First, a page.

The Giants bet big on Harrison in the third round of the 2020 Draft, luring him away from his UCLA commitment with first-round money. His reported $2.47 million bonus was more than three times greater than his slot value.
The 21-year-old could be the next Giants homegrown star to be plucked out of the club’s own backyard, following a path traversed by Brandon Crawford and Logan Webb. The San Jose native attended De La Salle High School, which is a little more than 25 miles east of Oracle Park.
Harrison’s first official assignment in the Minors, following the cancellation of the 2020 season, was in his hometown with the Giants’ California League affiliate.
“Your introduction to your pro career, having friends, family, grandparents, all the above around to support you was really, really cool,” Harrison told MiLB.com. “[I] didn't live at home. I wanted to get out of the house and live the experience a little.”
Harrison made 23 starts for San Jose in 2021, striking out 157 batters over 98 2/3 innings while maintaining a 3.19 ERA. His 14.32 K/9 were the most among Minor Leaguers to complete at least 50 innings.
His performance in Single-A as a teenager proved he was one of the best left-handed pitchers in the Minors and built anticipation for 2022. Harrison did not disappoint in the early going with the Emeralds. He needed just seven starts to earn a promotion from Eugene, where he posted a 1.55 ERA with 59 strikeouts over 29 innings.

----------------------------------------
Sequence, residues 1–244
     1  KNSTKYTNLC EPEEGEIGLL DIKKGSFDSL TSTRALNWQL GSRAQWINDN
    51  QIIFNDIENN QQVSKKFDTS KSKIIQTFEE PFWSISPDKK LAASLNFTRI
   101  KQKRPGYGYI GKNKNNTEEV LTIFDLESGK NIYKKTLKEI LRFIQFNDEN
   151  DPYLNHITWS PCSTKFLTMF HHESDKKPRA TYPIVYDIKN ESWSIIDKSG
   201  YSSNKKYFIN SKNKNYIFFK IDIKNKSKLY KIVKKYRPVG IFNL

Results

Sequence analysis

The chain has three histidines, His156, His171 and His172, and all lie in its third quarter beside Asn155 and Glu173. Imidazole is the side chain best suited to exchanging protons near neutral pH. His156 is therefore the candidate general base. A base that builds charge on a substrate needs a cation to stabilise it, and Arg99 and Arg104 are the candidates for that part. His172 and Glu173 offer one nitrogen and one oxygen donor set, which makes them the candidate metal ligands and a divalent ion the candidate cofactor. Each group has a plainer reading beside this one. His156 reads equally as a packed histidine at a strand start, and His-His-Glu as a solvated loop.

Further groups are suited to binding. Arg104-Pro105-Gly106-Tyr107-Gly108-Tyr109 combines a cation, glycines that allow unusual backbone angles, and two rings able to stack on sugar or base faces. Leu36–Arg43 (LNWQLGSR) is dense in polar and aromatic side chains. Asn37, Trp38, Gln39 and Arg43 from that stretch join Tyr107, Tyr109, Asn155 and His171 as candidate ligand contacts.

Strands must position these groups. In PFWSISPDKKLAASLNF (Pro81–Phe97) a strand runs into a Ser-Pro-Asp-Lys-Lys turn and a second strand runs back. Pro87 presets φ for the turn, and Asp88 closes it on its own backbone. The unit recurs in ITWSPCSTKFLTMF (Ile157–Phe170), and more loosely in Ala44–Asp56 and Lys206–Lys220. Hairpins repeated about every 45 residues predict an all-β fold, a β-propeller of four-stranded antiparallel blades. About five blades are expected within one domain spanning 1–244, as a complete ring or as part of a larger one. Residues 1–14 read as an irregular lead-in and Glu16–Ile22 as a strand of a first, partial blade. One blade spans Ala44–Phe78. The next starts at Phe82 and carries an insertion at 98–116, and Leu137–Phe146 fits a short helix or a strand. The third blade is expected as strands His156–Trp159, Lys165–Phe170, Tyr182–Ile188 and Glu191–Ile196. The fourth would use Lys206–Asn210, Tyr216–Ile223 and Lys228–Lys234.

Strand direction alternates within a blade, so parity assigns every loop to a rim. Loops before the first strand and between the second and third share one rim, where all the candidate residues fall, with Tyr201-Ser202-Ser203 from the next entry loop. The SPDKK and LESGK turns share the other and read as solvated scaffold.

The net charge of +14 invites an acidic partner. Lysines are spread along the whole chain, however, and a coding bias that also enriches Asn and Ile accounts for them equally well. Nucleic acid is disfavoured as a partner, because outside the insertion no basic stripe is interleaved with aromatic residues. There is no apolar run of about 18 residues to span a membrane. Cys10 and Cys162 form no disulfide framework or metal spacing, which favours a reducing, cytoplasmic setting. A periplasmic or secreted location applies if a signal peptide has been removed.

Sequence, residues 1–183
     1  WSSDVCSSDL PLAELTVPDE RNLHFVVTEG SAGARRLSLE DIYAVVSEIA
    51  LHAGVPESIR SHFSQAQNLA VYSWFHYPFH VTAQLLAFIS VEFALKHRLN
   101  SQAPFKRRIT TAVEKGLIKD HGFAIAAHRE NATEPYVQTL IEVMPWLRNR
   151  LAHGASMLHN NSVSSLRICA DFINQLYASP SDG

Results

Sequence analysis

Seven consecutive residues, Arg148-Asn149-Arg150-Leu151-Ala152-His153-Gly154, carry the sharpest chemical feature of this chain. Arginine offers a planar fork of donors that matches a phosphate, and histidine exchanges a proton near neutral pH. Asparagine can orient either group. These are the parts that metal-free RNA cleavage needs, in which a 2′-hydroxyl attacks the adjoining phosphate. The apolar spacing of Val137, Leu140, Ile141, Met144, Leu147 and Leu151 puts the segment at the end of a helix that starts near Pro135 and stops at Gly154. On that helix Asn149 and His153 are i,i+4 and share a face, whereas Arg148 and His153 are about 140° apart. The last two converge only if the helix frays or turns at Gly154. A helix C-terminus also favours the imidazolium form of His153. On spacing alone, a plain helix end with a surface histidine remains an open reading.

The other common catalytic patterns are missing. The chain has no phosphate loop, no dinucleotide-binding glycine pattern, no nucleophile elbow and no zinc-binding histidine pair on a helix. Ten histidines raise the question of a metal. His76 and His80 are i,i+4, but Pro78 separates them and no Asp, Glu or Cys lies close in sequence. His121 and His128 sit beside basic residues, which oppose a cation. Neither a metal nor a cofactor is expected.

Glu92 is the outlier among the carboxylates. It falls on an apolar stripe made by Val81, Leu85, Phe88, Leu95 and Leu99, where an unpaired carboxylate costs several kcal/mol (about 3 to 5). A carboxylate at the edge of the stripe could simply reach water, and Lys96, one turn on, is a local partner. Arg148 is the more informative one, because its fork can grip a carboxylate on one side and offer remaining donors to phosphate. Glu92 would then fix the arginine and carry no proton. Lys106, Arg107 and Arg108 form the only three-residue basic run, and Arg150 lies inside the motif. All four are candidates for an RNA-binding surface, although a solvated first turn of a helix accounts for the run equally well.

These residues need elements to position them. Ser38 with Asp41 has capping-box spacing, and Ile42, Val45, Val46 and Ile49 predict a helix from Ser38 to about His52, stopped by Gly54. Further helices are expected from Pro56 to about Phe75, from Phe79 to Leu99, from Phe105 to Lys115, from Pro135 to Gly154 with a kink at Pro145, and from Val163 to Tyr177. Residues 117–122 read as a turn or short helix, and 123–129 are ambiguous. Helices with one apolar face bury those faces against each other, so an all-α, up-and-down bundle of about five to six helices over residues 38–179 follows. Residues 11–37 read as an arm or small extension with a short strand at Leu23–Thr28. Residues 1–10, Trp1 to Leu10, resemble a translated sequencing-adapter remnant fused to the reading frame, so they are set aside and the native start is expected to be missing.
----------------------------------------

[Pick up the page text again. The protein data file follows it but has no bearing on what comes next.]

After making just one walk-free start in all of 2021, he issued 10 total walks in those seven Northwest League starts but had a hard time maintaining that pace as he advanced to Richmond.
“One thing I really stressed in the offseason was control,” Harrison told MiLB.com. “I wanted to go out and attack hitters and get ahead and put them out as quick as possible. That was something I really tried to do early in the season. I think it showed in my work in Eugene.”
Over his first 12 starts with the Flying Squirrels, Harrison yielded 30 walks in 57 ⅓ innings. Although that mark was likely higher than he would have liked, he posted a 2.83 ERA with 84 strikeouts while holding opposing batters to a .190 average.
“The [hitters at Double-A] are good. I mean, everywhere you look around and everyone here can play ball,” Harrison told MiLB.com. “Just having to show up on a daily basis and get your work in and really stick to your plan. I guess that's the biggest challenge. And that's something I've been trying to attack each day and figure out how to get better and just keep going, keep pushing.”
Harrison worked more in the zone over his final six starts, issuing nine walks in 26 ⅔ innings. But he did get knocked around a little more during this span, getting tagged with a 3.71 ERA as opposing batters hit .225 against him.
The 6-foot-2 southpaw will likely begin the 2023 season with Triple-A Sacramento, though he’s already impressing his coaches and teammates in his first big league camp.
“His 'pens have been electric,” manager Gabe Kapler told MLB.com last week. “He’s throwing hard. There’s a real physical presence there.”
Gerard Gilberto is a reporter for MiLB.com.